This entry is part 18 of 21 in the series: Revival
- The Biblical idea of revival
- Divine and human agency in revival
- Examples of revival
- Conditions prior to revival
- Experience of God in revival
- Repentance and revival
- Prayer and Revival
- The Word of God and revival
- Preaching and revival
- Results of revival
- Physical and emotional phenomena of revival
- The miraculous element in revival (I)
- The miraculous element in revival (II)
- Demonic activity in revival
- Problems associated with revival
- Evaluating Revivals
- Pentecostalism, baptism in the Spirit and revival
- Prospects for Revival
- ‘Lord, I have heard of your fame’ – stories of revival
- ‘Renew them in our day’ – prospects for revival
The Prospect Stated
One of the most striking things arising from a perusal of the literature on revival is the very prevalent hope which is sustained concerning a latter-day outpouring of the Holy Spirit in revival. The following extracts are typical:-
The Scriptures are so far from encouraging us to plead for a diminution of divine influence in these last day of the gospel that on the contrary, we are encouraged to expect, hope, long, and pray for larger and more extensive showers of divine influence than any former age hath ever yet experienced. For, are we not therein taught to pray, “That we may be filled with all the fulness of God”, and to wait for a glorious epoch, “when the earth shall be filled with the knowledge of the Lord, as the waters cover the sea.
Whitefield, in Murray, The Puritan Hope, 150.
There is much in prophecy to warrant the conviction that, as the millenial day draws near, there effusions of the Holy Spirit will be yet more frequent and powerful.
Sprague, Lectures on revivals, 4.
Even the most guarded and cautious interpretation of prophecy leads us to expect a still more glorious effusion of the Holy Spirit in “the latter days”.
in The revival of religion, xi.
We have many and express assurances in the Scriptures, which cannot be broken, of the general, the universal spread and reign of Christianity, which are not yet accomplished. Nothing has yet taken place in the history of Divine grace, wide enough in energy, blessed enough in enjoyment, magnificent enough in glory, to do anything like justice to these predictions and promises. Better days, therefore, are before us, notwithstanding the forebodings of many.
William Jay, in Murray, The Puritan hope, xiv.
Strong and certain was the conviction of the Christians that the church would come forth triumphant out of its conflicts, and, as it was its destinations to be a world-transforming principles, would attain to domination of the world.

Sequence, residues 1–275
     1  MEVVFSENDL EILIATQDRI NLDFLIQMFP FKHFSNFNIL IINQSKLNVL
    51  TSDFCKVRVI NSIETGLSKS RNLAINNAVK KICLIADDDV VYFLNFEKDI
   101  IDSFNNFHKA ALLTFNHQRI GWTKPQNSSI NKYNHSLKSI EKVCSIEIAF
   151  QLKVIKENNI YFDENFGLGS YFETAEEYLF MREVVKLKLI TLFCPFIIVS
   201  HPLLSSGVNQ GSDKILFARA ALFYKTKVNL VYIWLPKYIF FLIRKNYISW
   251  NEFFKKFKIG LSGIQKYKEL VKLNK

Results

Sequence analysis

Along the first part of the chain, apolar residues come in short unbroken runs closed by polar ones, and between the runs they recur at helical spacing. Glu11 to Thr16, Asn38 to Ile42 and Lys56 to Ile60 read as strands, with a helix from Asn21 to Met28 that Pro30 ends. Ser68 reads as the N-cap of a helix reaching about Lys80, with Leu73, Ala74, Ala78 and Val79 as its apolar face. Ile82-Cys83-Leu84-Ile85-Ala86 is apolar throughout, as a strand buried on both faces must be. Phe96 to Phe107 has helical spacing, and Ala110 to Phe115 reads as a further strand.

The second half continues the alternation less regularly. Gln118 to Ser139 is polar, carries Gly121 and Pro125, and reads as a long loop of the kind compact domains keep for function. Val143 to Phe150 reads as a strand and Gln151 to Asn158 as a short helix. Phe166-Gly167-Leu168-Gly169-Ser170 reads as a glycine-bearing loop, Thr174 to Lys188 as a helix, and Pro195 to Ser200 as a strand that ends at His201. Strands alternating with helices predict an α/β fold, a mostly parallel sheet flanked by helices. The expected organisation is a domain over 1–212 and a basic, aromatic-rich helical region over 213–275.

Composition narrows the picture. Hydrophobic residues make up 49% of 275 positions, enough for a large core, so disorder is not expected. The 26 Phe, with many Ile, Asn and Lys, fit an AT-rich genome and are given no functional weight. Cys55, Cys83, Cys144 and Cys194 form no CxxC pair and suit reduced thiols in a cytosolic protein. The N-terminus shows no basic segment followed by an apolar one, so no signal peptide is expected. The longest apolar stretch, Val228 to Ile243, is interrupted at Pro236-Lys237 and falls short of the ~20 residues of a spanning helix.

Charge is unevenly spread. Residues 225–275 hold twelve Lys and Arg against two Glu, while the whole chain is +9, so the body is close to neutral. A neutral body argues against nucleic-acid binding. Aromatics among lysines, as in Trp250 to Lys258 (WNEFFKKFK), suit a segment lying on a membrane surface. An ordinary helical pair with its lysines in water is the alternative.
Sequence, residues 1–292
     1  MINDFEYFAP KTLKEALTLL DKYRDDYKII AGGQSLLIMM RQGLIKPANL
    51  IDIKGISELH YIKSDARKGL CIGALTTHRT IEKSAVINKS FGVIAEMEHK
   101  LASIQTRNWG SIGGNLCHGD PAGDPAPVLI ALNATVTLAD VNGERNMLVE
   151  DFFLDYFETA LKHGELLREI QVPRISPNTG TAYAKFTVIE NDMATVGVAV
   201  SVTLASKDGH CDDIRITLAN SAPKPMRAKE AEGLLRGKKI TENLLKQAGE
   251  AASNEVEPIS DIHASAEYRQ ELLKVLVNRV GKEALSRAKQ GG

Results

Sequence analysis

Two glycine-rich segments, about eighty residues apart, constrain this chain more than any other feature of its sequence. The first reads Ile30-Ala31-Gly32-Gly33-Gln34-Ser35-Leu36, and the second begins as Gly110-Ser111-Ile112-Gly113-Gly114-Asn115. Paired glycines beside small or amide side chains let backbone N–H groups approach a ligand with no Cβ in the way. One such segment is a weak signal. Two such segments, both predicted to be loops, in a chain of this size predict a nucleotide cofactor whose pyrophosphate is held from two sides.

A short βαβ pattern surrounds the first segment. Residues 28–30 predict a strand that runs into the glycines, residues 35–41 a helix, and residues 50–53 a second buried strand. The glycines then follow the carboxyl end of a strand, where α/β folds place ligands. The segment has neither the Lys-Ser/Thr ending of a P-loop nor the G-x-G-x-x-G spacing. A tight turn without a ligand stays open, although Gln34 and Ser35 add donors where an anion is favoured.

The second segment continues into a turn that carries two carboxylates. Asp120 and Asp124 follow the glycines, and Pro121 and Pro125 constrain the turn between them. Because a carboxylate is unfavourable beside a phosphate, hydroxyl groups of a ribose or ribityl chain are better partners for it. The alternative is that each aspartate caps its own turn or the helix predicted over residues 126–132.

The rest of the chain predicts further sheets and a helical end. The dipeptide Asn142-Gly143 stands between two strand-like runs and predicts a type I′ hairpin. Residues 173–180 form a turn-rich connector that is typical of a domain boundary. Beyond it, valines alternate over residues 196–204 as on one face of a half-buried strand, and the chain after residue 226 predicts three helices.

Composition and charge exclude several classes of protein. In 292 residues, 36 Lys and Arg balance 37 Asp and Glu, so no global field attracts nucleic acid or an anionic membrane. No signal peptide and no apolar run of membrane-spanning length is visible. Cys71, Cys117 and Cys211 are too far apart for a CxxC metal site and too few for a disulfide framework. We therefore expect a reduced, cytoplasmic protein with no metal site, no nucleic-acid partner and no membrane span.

Neander, in Murray, The Puritan hope, xii.
Iain Murray summarises Jonathan Edwards’ view of unfulfilled prophecy:-
It corresponded with beliefs which had been general among the Puritans. When “the fulness of the Gentiles” is brought in, the ethnic Israel will also be largely saved and, while restored to their own land, they will be united will all the church of Christ and “look upon all the world to be their brethren…” But before this can happen antiChrist – the great barrier to success of the gospel – must fall. And this Antichrist is not some dread secular power to arise in history, rather he “Does all under the shew of sanctity and holiness, and being the spouse of Jesus Christ…He is Antichrist inasmuch as he usurps Christ’s offices in opposition to him.” Thus, they saw Antichrist as “his holiness” the primate of the Roman Church, the pretended vicar and successor to Christ upon earth: “Popery is the deepest contrivance that ever Satan was the author of to uphold his kingdom.” the overthrow of this great evil, prior to the millenium, will be gradual and by means of the power of the truth.
Murray, Jonathan Edwards, 49.
It is evident from Scripture, that there is yet remaining a great advancement of the interest of religion and the kingdom of Christ in this world, by an abundant outpouring of the Spirit of God, far more extensive than ever yet has been. It is certain, that many things, which are spoken concerning a glorious time of the church’s enlargement and prosperity in the latter days, have never yet been fulfilled. There has never yet been any propagation and prevalence of religion, in any wise, of that extent and universality which the prophecies represent.
Edwards, Works, II, 284f.